Concurrency in Python – Pool of Threads

Suppose we had to create a large number of threads for our multithreaded tasks. It would be computationally most expensive as there can be many performance issues, due to too many threads. A major issue could be in the throughput getting limited. We can solve this problem by creating a pool of threads. A thread pool may be defined as the group of pre-instantiated and idle threads, which stand ready to be given work. Creating thread pool is preferred over instantiating new threads for every task when we need to do large number of tasks. A thread pool can manage concurrent execution of large number of threads as follows −

  • If a thread in a thread pool completes its execution then that thread can be reused.

  • If a thread is terminated, another thread will be created to replace that thread.

Python Module – Concurrent.futures

Python standard library includes the concurrent.futures module. This module was added in Python 3.2 for providing the developers a high-level interface for launching asynchronous tasks. It is an abstraction layer on the top of Python’s threading and multiprocessing modules for providing the interface for running the tasks using pool of thread or processes.

In our subsequent sections, we will learn about the different classes of the concurrent.futures module.

Executor Class

Executoris an abstract class of the concurrent.futures Python module. It cannot be used directly and we need to use one of the following concrete subclasses −

  • ThreadPoolExecutor
  • ProcessPoolExecutor

ThreadPoolExecutor – A Concrete Subclass

It is one of the concrete subclasses of the Executor class. The subclass uses multi-threading and we get a pool of thread for submitting the tasks. This pool assigns tasks to the available threads and schedules them to run.

How to create a ThreadPoolExecutor?

With the help of concurrent.futures module and its concrete subclass Executor, we can easily create a pool of threads. For this, we need to construct a ThreadPoolExecutor with the number of threads we want in the pool. By default, the number is 5. Then we can submit a task to the thread pool. When we submit() a task, we get back a Future. The Future object has a method called done(), which tells if the future has resolved. With this, a value has been set for that particular future object. When a task finishes, the thread pool executor sets the value to the future object.


from concurrent.futures import ThreadPoolExecutor
from time import sleep
def task(message):
   return message

def main():
   executor = ThreadPoolExecutor(5)
   future = executor.submit(task, ("Completed"))
if __name__ == '__main__':



In the above example, a ThreadPoolExecutor has been constructed with 5 threads. Then a task, which will wait for 2 seconds before giving the message, is submitted to the thread pool executor. As seen from the output, the task does not complete until 2 seconds, so the first call to done() will return False. After 2 seconds, the task is done and we get the result of the future by calling the result() method on it.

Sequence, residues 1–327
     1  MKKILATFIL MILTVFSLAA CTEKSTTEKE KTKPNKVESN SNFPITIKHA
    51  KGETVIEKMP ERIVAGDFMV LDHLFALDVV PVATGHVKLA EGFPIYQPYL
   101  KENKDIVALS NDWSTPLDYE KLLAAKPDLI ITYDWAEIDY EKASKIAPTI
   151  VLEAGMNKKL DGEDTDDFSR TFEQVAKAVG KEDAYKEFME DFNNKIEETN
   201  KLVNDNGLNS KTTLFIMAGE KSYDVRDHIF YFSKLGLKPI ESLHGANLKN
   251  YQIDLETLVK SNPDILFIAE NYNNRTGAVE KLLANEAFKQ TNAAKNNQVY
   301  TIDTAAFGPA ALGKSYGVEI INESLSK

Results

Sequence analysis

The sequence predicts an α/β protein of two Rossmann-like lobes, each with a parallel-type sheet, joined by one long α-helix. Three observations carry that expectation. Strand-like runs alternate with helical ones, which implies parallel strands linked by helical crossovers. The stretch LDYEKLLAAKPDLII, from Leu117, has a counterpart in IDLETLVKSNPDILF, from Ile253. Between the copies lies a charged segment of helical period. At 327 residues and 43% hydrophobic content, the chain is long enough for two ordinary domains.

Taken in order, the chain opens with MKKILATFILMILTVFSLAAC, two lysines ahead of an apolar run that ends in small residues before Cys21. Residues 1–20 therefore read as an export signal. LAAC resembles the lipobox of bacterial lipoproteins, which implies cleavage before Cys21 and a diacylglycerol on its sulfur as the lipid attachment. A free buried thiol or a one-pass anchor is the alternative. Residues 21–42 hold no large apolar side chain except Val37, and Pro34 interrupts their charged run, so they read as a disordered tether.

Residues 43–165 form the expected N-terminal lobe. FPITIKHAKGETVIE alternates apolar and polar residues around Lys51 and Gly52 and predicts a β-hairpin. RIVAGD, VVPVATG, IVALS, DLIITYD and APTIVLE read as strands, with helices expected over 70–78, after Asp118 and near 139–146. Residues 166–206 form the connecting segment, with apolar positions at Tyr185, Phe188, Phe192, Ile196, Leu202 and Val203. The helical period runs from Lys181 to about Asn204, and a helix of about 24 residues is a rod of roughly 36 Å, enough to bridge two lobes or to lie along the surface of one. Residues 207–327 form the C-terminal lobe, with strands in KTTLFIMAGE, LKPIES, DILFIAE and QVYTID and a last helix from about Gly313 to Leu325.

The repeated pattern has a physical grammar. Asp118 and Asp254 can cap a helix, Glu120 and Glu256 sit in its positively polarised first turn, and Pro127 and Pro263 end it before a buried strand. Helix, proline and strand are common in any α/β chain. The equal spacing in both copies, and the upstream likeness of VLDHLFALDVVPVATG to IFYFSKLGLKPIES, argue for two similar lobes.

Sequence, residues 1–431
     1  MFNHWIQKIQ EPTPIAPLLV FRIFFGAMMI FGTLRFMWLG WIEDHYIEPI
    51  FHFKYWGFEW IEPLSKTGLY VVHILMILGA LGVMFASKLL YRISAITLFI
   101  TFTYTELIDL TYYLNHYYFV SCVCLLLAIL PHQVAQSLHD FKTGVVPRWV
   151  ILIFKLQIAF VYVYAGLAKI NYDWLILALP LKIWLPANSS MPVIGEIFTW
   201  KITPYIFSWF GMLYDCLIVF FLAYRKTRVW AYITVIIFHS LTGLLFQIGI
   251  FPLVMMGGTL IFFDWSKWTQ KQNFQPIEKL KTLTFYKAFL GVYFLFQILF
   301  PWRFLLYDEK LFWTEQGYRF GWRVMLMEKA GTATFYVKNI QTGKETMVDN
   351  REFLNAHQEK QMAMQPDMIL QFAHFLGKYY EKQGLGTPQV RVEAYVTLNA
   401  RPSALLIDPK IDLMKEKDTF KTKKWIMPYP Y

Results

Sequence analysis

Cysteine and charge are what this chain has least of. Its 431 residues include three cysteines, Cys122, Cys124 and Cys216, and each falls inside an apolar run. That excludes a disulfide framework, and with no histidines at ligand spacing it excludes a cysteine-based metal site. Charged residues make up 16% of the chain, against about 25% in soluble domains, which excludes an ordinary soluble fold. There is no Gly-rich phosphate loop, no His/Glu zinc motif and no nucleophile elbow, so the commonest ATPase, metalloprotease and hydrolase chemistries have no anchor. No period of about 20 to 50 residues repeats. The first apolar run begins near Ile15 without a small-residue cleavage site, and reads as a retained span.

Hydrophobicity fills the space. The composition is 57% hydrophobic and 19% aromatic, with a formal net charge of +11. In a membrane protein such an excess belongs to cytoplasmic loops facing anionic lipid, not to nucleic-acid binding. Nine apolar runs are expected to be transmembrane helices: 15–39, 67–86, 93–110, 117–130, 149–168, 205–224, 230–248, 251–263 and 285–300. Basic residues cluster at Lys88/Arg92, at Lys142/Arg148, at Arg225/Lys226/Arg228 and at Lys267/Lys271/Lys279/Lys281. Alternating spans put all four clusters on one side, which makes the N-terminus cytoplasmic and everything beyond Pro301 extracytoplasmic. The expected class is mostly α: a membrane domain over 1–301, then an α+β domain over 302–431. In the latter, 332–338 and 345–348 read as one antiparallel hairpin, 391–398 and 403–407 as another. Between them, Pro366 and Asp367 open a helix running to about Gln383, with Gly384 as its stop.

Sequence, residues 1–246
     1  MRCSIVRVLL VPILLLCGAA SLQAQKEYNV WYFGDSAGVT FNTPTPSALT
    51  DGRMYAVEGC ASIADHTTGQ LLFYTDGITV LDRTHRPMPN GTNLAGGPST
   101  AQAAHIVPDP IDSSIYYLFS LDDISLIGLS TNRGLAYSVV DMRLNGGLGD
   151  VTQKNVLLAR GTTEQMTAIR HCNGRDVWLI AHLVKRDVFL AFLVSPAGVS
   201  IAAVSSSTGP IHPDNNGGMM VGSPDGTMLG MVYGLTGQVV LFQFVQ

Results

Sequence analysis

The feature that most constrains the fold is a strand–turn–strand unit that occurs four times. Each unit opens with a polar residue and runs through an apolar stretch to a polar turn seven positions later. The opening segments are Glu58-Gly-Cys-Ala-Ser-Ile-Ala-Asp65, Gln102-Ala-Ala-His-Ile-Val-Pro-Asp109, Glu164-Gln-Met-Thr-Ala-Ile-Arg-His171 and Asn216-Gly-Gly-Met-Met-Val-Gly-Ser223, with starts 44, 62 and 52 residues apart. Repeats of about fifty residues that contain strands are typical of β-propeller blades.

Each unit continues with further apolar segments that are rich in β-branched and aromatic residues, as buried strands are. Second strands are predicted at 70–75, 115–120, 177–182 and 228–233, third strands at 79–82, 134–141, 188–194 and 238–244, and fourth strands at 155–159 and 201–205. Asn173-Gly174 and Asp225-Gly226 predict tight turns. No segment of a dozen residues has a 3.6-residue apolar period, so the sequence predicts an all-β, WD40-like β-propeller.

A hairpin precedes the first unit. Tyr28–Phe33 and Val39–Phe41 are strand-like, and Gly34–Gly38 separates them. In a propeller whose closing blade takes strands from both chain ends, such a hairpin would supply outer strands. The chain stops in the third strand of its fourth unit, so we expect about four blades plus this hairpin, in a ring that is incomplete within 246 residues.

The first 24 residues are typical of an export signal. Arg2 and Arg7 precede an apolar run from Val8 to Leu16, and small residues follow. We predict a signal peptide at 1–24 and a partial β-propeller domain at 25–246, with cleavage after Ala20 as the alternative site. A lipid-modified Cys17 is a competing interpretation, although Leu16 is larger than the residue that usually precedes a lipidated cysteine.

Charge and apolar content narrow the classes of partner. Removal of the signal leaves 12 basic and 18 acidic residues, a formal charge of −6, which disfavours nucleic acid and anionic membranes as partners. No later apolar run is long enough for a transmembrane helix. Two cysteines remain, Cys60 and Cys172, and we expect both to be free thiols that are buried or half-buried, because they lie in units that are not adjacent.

Instantiating ThreadPoolExecutor – Context Manager

Another way to instantiate ThreadPoolExecutor is with the help of context manager. It works similar to the method used in the above example. The main advantage of using context manager is that it looks syntactically good. The instantiation can be done with the help of the following code −

with ThreadPoolExecutor(max_workers = 5) as executor


The following example is borrowed from the Python docs. In this example, first of all the concurrent.futures module has to be imported. Then a function named load_url() is created which will load the requested url. The function then creates ThreadPoolExecutor
with the 5 threads in the pool. The ThreadPoolExecutor has been utilized as context manager. We can get the result of the future by calling the result() method on it.

import concurrent.futures
import urllib.request

URLS = ['',

def load_url(url, timeout):
   with urllib.request.urlopen(url, timeout = timeout) as conn:

with concurrent.futures.ThreadPoolExecutor(max_workers = 5) as executor:

   future_to_url = {executor.submit(load_url, url, 60): url for url in URLS}
   for future in concurrent.futures.as_completed(future_to_url):
   url = future_to_url[future]
      data = future.result()
   except Exception as exc:
      print('%r generated an exception: %s' % (url, exc))
      print('%r page is %d bytes' % (url, len(data)))


Following would be the output of the above Python script −

>'' generated an exception: <urlopen error [Errno 11004] getaddrinfo failed>
'' page is 229313 bytes
'' page is 168933 bytes
'' page is 283893 bytes
'' page is 938109 bytes

Use of function

The Python map() function is widely used in a number of tasks. One such task is to apply a certain function to every element within iterables. Similarly, we can map all the elements of an iterator to a function and submit these as independent jobs to out ThreadPoolExecutor. Consider the following example of Python script to understand how the function works.


In this example below, the map function is used to apply the square() function to every value in the values array.

from concurrent.futures import ThreadPoolExecutor
from concurrent.futures import as_completed
values = [2,3,4,5]
def square(n):
   return n * n
def main():
   with ThreadPoolExecutor(max_workers = 3) as executor:
      results =, values)
for result in results:
if __name__ == '__main__':


The above Python script generates the following output −